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# Are system calls sometimes costlier than library calls?

 Hi all, I have two simple hello world programs one using printf()[a library func] and other using write() [syscall] --prog 1-- #include #include int main() { printf("Hello"); /* up to here write() isn't called, if u * give \n here then two write()s will * be called (?)*/ printf("World\n"); return 0; } --end-- --prog2-- #include int main() { write(1, "Hello", 5); write(1, "world\n", 6); return 0; } --end-- If u see the output of strace for prog1 --truncated-- .... munmap(0xb7fa0000, 115973) = 0 fstat64(1, {st_mode=S_IFCHR|0620, st_rdev=makedev(136, 2), ...}) = 0 mmap2(NULL, 4096, PROT_READ|PROT_WRITE, MAP_PRIVATE|MAP_ANONYMOUS, -1, 0) = 0xb7fbc000 write(1, "HelloWorld\n", 11) = 11 exit_group(0) = ? -- end -- Its only making ONE write() system call for prog2 if u see strace --truncated-- .... mprotect(0xb7f50000, 4096, PROT_READ) = 0 munmap(0xb7f56000, 115973) = 0 write(1, "Hello", 5) = 5 write(1, "world\n", 6) = 6 exit_group(0) = ? --end-- Its making TWO syscalls. Hence in above example its clear that printf() is cheaper that write() contrary to what we might think. Why is that? Who is telling our program to combine to calls to printf() in a single wrtie() ? Is it the libc? Its certainly not compiler optimization as I compiled it with -O0 option. Thanks Omkar. Nov 6 '07 #1
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 In article <11**********************@e9g2000prf.googlegroups. com>, omkar pangarkar Hence in above example its clear that printf() is cheaper that write()contrary to what we might think. Why is that? Who is telling ourprogram to combine to calls to printf() in a single wrtie() ? Is itthe libc? I suggest you read about setbuf() -- "Beware of bugs in the above code; I have only proved it correct, not tried it." -- Donald Knuth Nov 6 '07 #2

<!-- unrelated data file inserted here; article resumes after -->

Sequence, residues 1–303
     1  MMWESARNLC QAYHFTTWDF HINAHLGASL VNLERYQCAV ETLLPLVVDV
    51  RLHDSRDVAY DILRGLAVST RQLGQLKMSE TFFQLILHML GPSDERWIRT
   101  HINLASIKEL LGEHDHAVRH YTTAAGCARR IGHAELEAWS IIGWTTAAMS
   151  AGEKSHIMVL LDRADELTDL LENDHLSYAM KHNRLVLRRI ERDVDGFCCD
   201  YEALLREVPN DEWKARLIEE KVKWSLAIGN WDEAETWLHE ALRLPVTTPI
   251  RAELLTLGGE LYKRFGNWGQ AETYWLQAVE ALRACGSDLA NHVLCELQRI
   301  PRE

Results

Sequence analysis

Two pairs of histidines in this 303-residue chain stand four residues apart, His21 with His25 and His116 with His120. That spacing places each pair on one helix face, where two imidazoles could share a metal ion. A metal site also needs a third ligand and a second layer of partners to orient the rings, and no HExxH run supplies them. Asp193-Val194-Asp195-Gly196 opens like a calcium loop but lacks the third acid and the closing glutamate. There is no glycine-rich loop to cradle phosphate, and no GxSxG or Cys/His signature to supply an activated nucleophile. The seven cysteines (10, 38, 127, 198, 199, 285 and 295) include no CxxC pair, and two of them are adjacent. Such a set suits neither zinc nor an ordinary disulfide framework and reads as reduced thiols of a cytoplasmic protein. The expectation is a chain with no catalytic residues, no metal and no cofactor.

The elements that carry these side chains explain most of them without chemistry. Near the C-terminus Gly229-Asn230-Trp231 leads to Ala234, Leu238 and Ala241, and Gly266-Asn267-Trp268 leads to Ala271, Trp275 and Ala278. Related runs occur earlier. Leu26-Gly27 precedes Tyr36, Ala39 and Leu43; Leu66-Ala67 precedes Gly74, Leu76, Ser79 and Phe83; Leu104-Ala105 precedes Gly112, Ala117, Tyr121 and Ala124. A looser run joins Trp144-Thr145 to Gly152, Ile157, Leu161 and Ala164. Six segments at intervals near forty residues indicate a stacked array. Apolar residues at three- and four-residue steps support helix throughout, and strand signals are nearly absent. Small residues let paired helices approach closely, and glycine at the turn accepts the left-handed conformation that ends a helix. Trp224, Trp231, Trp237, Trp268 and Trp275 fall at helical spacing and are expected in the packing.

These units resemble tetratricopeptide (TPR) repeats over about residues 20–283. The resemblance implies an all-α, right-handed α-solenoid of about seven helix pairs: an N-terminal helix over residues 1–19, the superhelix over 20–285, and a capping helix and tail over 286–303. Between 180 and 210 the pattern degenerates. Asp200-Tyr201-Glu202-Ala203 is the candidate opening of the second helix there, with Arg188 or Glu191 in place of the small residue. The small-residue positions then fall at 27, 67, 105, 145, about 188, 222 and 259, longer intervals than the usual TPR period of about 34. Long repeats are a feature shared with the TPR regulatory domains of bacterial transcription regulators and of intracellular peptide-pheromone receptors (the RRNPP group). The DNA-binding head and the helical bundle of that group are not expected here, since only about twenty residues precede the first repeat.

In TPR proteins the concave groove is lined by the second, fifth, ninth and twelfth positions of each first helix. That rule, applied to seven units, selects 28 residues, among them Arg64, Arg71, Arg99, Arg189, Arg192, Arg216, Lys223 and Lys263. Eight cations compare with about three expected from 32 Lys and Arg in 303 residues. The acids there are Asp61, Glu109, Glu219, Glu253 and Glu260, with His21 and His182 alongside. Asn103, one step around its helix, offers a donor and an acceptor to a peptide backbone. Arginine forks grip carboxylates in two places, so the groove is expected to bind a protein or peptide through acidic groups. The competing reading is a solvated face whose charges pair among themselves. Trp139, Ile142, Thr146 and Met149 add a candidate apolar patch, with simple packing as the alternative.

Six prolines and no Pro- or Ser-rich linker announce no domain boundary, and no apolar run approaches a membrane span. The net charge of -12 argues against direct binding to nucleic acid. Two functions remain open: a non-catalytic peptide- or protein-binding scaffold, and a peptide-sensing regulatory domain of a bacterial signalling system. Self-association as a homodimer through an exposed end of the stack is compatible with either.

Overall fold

On Wednesday 07 Nov 2007 1:56 am omkar pangarkar wrote in article <11**********************@e9g2000prf.googlegroups. com>: Hi all, I have two simple hello world programs one using printf()[a library func] and other using write() [syscall] --prog 1-- #include #include int main() { printf("Hello"); /* up to here write() isn't called, if u * give \n here then two write()s will * be called (?)*/ printf("World\n"); return 0; } --end-- --prog2-- #include int main() { write(1, "Hello", 5); write(1, "world\n", 6); return 0; } --end-- If u see the output of strace for prog1 --truncated-- ... munmap(0xb7fa0000, 115973) = 0 fstat64(1, {st_mode=S_IFCHR|0620, st_rdev=makedev(136, 2), ...}) = 0 mmap2(NULL, 4096, PROT_READ|PROT_WRITE, MAP_PRIVATE|MAP_ANONYMOUS, -1, 0) = 0xb7fbc000 write(1, "HelloWorld\n", 11) = 11 exit_group(0) = ? -- end -- Its only making ONE write() system call for prog2 if u see strace --truncated-- ... mprotect(0xb7f50000, 4096, PROT_READ) = 0 munmap(0xb7f56000, 115973) = 0 write(1, "Hello", 5) = 5 write(1, "world\n", 6) = 6 exit_group(0) = ? --end-- Its making TWO syscalls. Hence in above example its clear that printf() is cheaper that write() contrary to what we might think. Why are you worried about microoptimisation like these? Why is that? Who is telling our program to combine to calls to printf() in a single wrtie() ? Is it the libc? No. It's the compiler's optimiser. Its certainly not compiler optimization as I compiled it with -O0 option. BTW, write per se isn't likely to be a system call, but a wrapper to one. Nov 6 '07 #3